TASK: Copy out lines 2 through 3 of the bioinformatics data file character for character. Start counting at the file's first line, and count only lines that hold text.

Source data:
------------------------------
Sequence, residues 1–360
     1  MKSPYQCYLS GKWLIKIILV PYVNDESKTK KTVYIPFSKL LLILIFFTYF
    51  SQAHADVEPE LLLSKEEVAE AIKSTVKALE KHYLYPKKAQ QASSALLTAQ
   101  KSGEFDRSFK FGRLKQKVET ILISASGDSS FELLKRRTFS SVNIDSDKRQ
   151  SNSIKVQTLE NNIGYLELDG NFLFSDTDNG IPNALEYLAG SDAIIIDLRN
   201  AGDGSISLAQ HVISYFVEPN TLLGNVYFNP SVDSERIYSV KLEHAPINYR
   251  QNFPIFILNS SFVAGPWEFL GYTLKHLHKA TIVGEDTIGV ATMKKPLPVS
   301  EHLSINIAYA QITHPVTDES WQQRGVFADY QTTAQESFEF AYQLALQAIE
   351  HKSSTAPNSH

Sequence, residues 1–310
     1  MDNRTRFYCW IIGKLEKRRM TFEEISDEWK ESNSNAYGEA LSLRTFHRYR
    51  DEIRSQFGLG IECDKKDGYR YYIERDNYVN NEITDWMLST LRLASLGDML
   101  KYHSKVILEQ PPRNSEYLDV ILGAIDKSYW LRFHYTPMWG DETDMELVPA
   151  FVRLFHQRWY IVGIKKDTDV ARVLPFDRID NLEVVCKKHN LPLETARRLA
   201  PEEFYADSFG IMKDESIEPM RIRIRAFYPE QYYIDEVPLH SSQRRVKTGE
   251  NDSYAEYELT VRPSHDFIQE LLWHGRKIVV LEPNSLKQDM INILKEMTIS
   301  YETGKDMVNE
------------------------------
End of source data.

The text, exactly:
     1  MKSPYQCYLS GKWLIKIILV PYVNDESKTK KTVYIPFSKL LLILIFFTYF
    51  SQAHADVEPE LLLSKEEVAE AIKSTVKALE KHYLYPKKAQ QASSALLTAQ